Likewise, the Chicago branch of the Order of the Ancient Dawn, which had previously been primed as a major factor for the finale, is rendered as a virtual non-entity in the series’ climax, with Christina acting as something of a proxy for their own aspirations along with her own, despite their rivalry. It’s also not clear exactly what the denizens of Ardham, who remain in the village after the destruction of the Braithwhite lodge, have to gain from assisting Christina in her bid for immortality. Is this some sort of “Shadow over Innsmouth” type of deal, and if so, what exactly is in it for them? These glaring narrative omissions aside,“Full Circle” manages to offer a decent share of entertaining easter eggs scattered throughout the episode, including a lovely nod to Afua Richardson, an acclaimed comic illustrator credited as a production artist on the show, creating the many comics and illustrations Dee has been seen “drawing” throughout the series.
In Lovecraft Country, no-one is entirely what they seem, or at the very least are inevitably revealed to contain multitudes far more complex than they might at first appear on the surface. It turns out that Christina does love Ruby, or at the very least, nurtures some semblance of that sentiment towards her, though even this cannot save Ruby from Christina’s wrath once her intention to aid Leti is discovered. Killing Ruby, Christina siphons her blood to create a potion that allows her to masquerade as Leti’s sister so that she can reliably ensnare Atticus and his group in an ambush once they arrive in Ardham to stop her plan.
Having promised Ruby to inflict no harm on Leti, Christina restores her Mark of Cain— though not before throwing her from the top of the tower where Montrose was imprisoned in episode 2, ensuring her safety while also ensuring her inability to interfere with the sacrifice of Atticus. “Despite everything, the trip here was nice. I feel like I understand the pull of family for the first time,” Christina tells Leti before revealing herself. The sinister violin sting punctuating her statement aside, one can tell that there is some measure of truth to her words. Christina is a prime example of the sort of depth and complexity Lovecraft Country has applied to all its principal female characters. Put simply, she may be a monster, but she still has a heart.
What began in fire now ends in tears: Atticus is sacrificed at the altar of Christina’s ritual. The group’s efforts to thwart her plot appear thwarted instead, and Christina’s ascension to godhood seems all but assured. But even this seems to have been part of Hannah’s ultimate plan. A now-resurrected Leti, using Atticus’ blood as a conduit, summons the spell that Hattie taught her in Hannah’s ancestral plane and, with Ji-ah’s help, completes her own ritual by drawing Christina and Atticus’ bodies together. Hannah’s plan succeeds as Christina awakens pinned underneath a pile of rubble, her immortality revoked by Leti’s incantation. In a creative decision that’s likely going to be controversial, we learn that not only was Christina’s immortality nullified, but so was her and every other white person’s ability to command magic. Not just Christina, not just the Order; every white person’s ability to wield the forces of the Book of Names. That power now seemingly lies exclusively with those of Atticus’ bloodline, and of those close to them (i.e. black people). It’s a bold creative swing, one that doesn’t entirely land with the weight and impact that might’ve been intended through its execution, but a bold swing nonetheless. No one will ever threaten Atticus’ family and friends again, and all it cost was Atticus’ own life.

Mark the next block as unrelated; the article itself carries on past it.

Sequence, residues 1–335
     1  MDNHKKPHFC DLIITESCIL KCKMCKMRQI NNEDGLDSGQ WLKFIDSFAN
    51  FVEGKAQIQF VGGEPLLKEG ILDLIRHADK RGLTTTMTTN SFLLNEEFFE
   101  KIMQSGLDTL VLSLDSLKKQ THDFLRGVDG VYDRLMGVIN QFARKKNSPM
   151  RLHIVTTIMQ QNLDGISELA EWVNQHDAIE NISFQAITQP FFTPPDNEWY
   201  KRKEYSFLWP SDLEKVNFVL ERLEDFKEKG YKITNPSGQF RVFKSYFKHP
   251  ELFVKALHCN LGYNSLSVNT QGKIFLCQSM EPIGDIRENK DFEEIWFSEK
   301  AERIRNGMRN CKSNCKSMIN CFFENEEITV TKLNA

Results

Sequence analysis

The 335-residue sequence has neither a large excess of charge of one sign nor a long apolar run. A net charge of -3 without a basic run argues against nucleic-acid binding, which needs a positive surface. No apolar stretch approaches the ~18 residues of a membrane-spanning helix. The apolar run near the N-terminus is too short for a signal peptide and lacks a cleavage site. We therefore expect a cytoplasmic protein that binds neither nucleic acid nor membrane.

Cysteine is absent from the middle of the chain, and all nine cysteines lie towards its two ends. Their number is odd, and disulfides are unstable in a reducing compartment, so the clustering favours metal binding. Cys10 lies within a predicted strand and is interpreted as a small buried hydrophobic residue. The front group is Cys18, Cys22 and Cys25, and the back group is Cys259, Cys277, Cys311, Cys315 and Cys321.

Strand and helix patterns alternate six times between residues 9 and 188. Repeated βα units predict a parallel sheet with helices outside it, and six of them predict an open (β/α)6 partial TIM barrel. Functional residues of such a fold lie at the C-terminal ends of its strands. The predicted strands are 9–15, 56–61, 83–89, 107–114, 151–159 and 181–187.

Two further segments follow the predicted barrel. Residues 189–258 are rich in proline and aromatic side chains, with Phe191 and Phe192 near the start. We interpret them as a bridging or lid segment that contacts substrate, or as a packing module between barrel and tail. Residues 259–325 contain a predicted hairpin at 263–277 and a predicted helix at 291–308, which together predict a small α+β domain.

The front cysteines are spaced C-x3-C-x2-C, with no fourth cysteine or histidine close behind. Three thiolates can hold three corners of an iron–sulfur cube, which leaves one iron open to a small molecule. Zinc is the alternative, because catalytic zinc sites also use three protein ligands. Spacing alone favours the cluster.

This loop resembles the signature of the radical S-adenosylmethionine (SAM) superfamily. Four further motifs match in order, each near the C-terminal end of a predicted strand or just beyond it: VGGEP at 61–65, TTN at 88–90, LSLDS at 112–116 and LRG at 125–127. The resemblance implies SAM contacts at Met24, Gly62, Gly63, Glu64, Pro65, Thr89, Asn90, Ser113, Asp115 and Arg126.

Reading a letter Atticus wrote to him before arriving in Ardham, Montrose is entrusted to help raise young George, to teach him and in doing so, become the father he always wanted to be, but couldn’t be because of his own fears and self-hatred. Atticus’ final wish in death is for Montrose to relinquish these fears, and in doing so raise George to be the sum of the very best parts of both his father and his grandfather. Dora was right: this is a beginning, not an end, and the life that Atticus’ family and loved ones forge ahead of them will forever be marked by the selflessness of his knowing sacrifice.
The season’s coda is a fitting bookend to the surreal pulp-inspired dream sequence that first opened the series, albeit a bewildering and somewhat underwhelming conclusion in and of itself. Dee and Atticus’ Shoggoth, who apparently was bound to protect Dee before the group came to Ardham, discovers Christina under the rubble of the Braithwhite estate. Revealing a metal prosthetic arm crafted by her mother to replace the one atrophied by Lancaster’s curse, Dee throttles Christina to death, enacting her long-desired revenge for the murder of her father George and the death of her cousin.
In Episode 8, Atticus mentioned that when he was transported to the future by Hiram’s machine, it was a woman with a metal arm that gave him a copy of his son George’s book before pushing him back through the portal. It turns out that woman was a future version of Dee this entire time. While this revelation is interesting, it feels a bit late to reveal in the series’ final scene. “Full Circle” ends on a note of uninhibited camp, with Tic’s Shoggoth roaring against a moonlit sky in what feels like an inadvertent mash-up between the T-Rex scene from Jurassic Park and the final shot of Tim Burton’s Batman. Entertaining though it is to watch, it’s little consolation for the uneven and unresolved storytelling of the episode’s conclusion.